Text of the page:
Here are the problems cab hailing companies need to address

By on May 13, 2016 | Opinions

We love how technology is simplifying travel for us and are really amazed at how in a very short time, cab hailing companies have registered strong growth all over the world. Specific to India, Uber and Ola dominate the picture of cab hailing business. There have been regulatory issues and even resistance from the traditional cab industry players but these services continue to grow and gather support from governments and users. I frequently use Uber and Ola to travel locally and thanks to the volume of traffic in our cities, I often have time for long conversations with the people driving me around. These conversations have revealed many facts about how the cab hailing companies operate here, including some key issues that they need to address. Some of them have also been shared by other people on Quora. Here are some of them:

cab hailing

1- Incentives

On more than one occasion, I have been asked by my Uber driver to finish the ride in two bookings so that he has done an additional trip in the same time. Some have even asked me to create a fake ride that would be payable by cash once they drop me back and one of them even called me up after he dropped me at my destination and requested me to do the same. The driver partners get additional incentives if they manage to do more than a specific number of rides in a day and they don’t even mind jumping lights or over speeding so that they can finish the ride quickly and get one more for the incentive.

2- Long distance rides

This problem again has its roots with how the driver partners are incentivised. Their target is to do maximum number of trips in any day and that means they will try to avoid long distance rides at any cost. In NCR region, if you are planning to travel from Noida on one end to Gurgaon on other end, you are better off driving your own car. The cab drivers would simply deny the duty and ask you to cancel. Even when I somehow managed to convince a driver to drive me the distance, he kept ranting for the entire journey about how he won’t be making any money and how the ride will make him lose his incentive. He also shared how they keep multiple phones to create fake bookings when they can’t reach the count.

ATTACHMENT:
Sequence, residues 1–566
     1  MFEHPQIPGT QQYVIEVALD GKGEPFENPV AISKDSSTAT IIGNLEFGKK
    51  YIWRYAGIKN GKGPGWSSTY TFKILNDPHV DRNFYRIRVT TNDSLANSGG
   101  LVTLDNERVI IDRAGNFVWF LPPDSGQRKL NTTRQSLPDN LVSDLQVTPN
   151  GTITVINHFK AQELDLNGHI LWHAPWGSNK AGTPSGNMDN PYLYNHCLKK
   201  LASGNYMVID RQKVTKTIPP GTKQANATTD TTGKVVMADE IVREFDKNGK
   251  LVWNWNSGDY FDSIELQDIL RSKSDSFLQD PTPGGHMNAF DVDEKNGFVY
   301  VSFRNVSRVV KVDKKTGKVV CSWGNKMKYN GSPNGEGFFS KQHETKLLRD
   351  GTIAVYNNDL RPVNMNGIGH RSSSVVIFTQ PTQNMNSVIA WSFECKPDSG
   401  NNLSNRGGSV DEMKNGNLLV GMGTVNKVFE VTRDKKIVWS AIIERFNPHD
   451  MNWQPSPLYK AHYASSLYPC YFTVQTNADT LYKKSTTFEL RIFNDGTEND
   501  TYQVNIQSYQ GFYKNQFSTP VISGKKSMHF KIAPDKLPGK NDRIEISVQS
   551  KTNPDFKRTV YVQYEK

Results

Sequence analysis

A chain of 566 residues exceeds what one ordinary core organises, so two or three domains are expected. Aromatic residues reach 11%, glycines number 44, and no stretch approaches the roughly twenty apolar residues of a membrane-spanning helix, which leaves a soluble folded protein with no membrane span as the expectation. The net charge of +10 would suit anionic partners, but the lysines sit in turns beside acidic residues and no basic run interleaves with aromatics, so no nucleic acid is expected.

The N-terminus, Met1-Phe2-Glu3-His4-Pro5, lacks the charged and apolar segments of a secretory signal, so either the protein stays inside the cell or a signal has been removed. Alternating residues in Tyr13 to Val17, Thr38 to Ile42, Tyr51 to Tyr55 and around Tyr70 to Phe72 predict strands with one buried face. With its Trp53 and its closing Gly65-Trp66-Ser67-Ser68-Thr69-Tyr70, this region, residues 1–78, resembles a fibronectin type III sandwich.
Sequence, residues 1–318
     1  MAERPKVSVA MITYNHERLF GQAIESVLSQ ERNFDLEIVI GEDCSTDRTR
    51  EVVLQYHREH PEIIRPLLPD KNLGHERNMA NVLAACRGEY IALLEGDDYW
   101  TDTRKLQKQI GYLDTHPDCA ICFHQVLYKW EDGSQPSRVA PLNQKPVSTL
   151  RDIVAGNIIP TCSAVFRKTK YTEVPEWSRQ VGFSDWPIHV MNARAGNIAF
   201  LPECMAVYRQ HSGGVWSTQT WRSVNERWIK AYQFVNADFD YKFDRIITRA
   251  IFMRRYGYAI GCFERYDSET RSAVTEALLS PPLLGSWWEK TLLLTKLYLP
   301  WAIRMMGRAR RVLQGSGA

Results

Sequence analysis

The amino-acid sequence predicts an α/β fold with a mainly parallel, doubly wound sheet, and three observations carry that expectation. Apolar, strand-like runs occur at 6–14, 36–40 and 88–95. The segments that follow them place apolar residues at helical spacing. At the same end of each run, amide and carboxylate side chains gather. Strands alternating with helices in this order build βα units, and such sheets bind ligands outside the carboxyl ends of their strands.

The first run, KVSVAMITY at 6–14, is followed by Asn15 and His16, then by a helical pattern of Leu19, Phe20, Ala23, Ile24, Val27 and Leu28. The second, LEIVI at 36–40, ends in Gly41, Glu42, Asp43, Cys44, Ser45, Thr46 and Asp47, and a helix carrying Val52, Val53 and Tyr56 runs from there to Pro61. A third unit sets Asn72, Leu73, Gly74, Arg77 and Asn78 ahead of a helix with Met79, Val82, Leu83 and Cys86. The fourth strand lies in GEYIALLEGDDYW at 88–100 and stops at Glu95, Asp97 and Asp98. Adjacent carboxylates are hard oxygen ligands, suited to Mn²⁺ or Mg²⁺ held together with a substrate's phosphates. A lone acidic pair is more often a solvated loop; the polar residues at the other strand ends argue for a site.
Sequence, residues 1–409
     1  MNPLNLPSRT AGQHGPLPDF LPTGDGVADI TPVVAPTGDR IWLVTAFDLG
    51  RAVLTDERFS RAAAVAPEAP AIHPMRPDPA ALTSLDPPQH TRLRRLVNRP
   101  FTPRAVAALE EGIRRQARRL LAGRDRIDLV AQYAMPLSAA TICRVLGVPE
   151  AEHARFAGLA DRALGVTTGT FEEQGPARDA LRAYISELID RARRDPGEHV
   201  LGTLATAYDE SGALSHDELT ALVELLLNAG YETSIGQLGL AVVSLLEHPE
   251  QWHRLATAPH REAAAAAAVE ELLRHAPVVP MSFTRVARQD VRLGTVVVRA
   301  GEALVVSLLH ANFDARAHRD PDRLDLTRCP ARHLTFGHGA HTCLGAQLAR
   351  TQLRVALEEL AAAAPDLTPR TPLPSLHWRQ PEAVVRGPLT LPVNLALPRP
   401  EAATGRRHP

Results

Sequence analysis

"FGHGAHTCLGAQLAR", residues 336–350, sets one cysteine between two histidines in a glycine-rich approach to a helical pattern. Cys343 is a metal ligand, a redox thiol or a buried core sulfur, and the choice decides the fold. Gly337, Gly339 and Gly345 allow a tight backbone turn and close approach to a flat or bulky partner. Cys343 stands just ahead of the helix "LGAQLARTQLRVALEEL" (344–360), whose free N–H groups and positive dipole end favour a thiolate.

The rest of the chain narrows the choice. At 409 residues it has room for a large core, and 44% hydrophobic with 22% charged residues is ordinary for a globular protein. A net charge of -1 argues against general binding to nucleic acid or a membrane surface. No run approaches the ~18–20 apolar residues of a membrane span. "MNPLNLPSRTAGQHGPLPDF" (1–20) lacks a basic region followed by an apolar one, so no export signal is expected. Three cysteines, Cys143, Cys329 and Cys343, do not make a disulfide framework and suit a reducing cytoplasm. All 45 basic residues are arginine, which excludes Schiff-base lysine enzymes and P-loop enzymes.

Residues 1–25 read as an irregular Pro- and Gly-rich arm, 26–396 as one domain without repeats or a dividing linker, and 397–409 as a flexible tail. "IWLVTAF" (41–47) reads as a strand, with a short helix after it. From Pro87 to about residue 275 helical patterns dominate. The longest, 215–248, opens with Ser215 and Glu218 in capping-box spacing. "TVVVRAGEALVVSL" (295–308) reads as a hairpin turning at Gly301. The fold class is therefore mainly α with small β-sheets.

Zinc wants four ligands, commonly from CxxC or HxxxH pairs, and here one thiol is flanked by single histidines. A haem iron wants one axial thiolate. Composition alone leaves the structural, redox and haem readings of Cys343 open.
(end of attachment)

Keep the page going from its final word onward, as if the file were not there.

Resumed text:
3- Cancellation challenges

Somehow all the driver partners are too afraid to cancel the ride even when they are not interested in taking it. They use excuses like “I didn’t accept the booking. There is something wrong with my app” and at times even choose to not move anywhere and leave the traveller waiting till his/her patience runs out.

4- Uber or Ola

It is rare to find drivers who work with either Uber or Ola. Most of them will have stories to share about how Uber handles complaints or Ola handles payments and how they finished ‘n’ number of rides in a day to gain incentives from both the companies. Before starting the trip, one Uber driver even asked me to book using the Ola app so that he can cancel the Uber ride and do an extra trip on Ola to balance out the count.

5- Education and support

While most drivers have shared how Uber and Ola train them on how to treat the passenger and how the system works, it seems that the companies haven’t done a very good job. Even when the two companies have been operating in India for a while, I have met multiple drivers who have got a wrong idea of how things work.

Another challenge is support. While my personal experience of dealing with Uber support has been better than Ola, the lack of a phone number as contact point is unacceptable (unless I missed it). Even if you go to social media, they will ask you to write a mail or fill a contact form. Usually they are quick in getting back to you but there have been exceptions. Security has been a major concern in the Indian market and they can’t expect everyone to type in a mail while on the go. There is the SOS button but that is better left for extreme situations.

6- Hungry apps

While Ola has done a pretty good job of making a product suited to Indian market and Uber has adapted well for the same, it is surprising how the apps fail to work with slow network connections. We all know how unreliable the data networks in India can be and despite that, the Uber app refuses to launch when you have a spotty reception or are on 2G network. ixigo recently introduced the option to book cabs offline without using a data connection and while I am yet to try that out, it looks like a step in the right direction for the Indian market.

What else do you think these cab hailing companies need to improve? Do share with us.

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